Systemic Treatments

Immunosuppressive Therapy

Systemic immunosuppressive therapy may be considered for those cases of hand eczema that are refractory to topical steroids and phototherapy. Systemic glucocorticoids are generally effective in managing acute flares; however, given their side-effect profile, they are not practical over the long-term. Similarly, the usefulness of cyclosporine for this condition seems limited to the short-term. While 1 study demonstrated prolonged disease remission in 74% of patients 1 year after a 6-week course of cyclosporine 3mg/kg/day,41 other studies have shown high relapse rates within weeks of drug discontinuation.42,43

Agents such as methotrexate and mycophenolate mofetil (CellCept®, Roche Laboratories) may be more promising for long-term control of severe hand eczema. Methotrexate has been shown to be an effective adjunctive agent in 5 patients with severe recalcitrant dyshidrotic eczema. Patients were treated with methotrexate 15-22.5mg/week and all were subsequently able to significantly reduce or eliminate systemic steroid use.44 In a case report of a 39 year-old male with severe dyshidrotic eczema, long-term control was ultimately achieved and maintained with mycophenolate mofetil 2-3gm/day. The drug was well tolerated without serious adverse effects after 1 year of treatment.45


Systemic retinoids, including etretinate (Tigason®, Hoffmann-La Roche) and acitretin (Soriatane®, Stiefel), have shown some benefit in the treatment of hand eczema.34,46 Studies in the past have focused on their treatment of hyperkeratotic eczema.

Alitretinoin (9-cis-retinoic acid) (Toctino®, Basilea Pharmaceuticals) is an oral retinoid that is capable of activating all retinoic acid receptors as well as retinoid X receptors. It is currently approved in Europe for the treatment of solid malignant tumors and as a new once-daily treatment for adults with severe chronic hand eczema unresponsive to potent topical corticosteroids. While it is not approved in North America, this agent, like its related compounds, has been evaluated for the treatment of chronic hand dermatitis.47 In a multicenter, randomized, double-blind, placebo controlled trial, 319 patients were allocated to receive either placebo or alitretinoin at 10mg/day, 20mg/day, or 40mg/day for 12 weeks. All types of hand dermatitis were included in the study, but the majority of patients had the hyperkeratotic type. Patients were deemed to be responders if, by physician’s global assessment, the dermatitis was clear or almost clear at the end of the treatment period. Of the 244 patients who completed the 12 week course, 127 were responders. Response rates increased across the dosage range and were 27% for the placebo group and 39%, 41% and 53% for the 10, 20 and 40mg/day groups, respectively. This incremental response rate was independent of the type of hand eczema. The drug was generally well tolerated and adverse events, such as headache, mucocutaneous dryness, photosensitivity, and dyslipidemia occurred more frequently with higher drug doses.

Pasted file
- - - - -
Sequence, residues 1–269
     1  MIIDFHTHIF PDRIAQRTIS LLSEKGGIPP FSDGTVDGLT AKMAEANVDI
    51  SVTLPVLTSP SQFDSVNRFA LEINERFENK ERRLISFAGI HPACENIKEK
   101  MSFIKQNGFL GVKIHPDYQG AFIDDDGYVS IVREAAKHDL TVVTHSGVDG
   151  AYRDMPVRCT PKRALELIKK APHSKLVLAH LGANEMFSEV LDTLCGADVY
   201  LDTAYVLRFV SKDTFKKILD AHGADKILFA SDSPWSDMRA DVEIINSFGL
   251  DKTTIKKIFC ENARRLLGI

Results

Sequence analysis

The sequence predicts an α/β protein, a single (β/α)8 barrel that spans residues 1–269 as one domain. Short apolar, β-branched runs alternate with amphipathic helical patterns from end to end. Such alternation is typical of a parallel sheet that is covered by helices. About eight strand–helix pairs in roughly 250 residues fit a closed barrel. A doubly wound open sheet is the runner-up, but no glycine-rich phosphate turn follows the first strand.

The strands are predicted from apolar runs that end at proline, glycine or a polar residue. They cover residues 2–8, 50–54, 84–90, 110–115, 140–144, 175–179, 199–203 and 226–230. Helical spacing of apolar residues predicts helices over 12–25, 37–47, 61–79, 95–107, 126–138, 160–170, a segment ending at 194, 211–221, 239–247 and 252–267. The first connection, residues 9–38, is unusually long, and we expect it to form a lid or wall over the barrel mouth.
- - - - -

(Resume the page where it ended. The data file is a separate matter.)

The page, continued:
Botulinum Toxin

Hyperhidrosis has been reported to be an aggravating factor in dyshidrotic hand eczema in nearly 40% of cases.48 As such, botulinum toxin – type A (BTX-A), which is an approved treatment for axillary hyperhidrosis and an effective, commonly used treatment of palmar hyperhidrosis, has been explored as an off-label treatment for dyshidrotic eczema.49 In an open study of 10 patients with dyshidrotic hand eczema treated with 162 units of intradermal BTX-A in 1 hand only, 7 of 10 patients experienced good or very good improvement in their eczema on the treated hand at 6 weeks.50 Sweating was more likely to be an aggravating factor to the eczema in responders to this formulation.

BTX-A was found to be a very effective adjuvant treatment for dyshidrotic eczema in 6 patients, who were treated with topical steroids alone on 1 hand, and a topical steroid plus 100 units of intracutaneous BTX-A at week 0 in the other, more severely affected hand. There was a significantly greater drop in DASI scores in the combination treatment side with a stabilization of hand eczema at 8 weeks, whereas there was a 50% partial or complete relapse rate on the monotherapy side. Pruritus and vessiculation decreased more rapidly in the combination therapy side. The authors concluded that BTX-A inhibition of substance P release may be operative in these antipruritic effects.51


Hyperhidrosis, a recognized risk factor for hand eczema, generally responds well to treatment with tap water iontophoresis.52 In a randomized half-side study of 20 patients with mild-to-moderate dyshidrotic eczema, patients received steroid free topical therapy of both hands and daily unilateral tap water iontophoresis. Significant improvement in eczema, as assessed by DASI scores, was noted only in iontophoresis treated hands. The authors attributed improvement to a reduction in sweat secretion and possibly enhanced absorption of topical therapy.53


Hand eczema is a highly prevalent disorder, which in many patients is chronic, debilitating, and associated with impaired quality of life. Both endogenous and exogenous factors play a role in the development of the disease. Lifestyle management, the use of emollients, avoidance of allergens, and topical corticosteroids are effective and sufficient treatments for some patients, but many require additional intervention. The best way to manage these patients is unclear based on the current level of evidence. A standardized, universally accepted classification system of hand eczema and larger scale, well-designed, randomized trials are necessary prerequisites to achieve optimal and successful management of this disorder.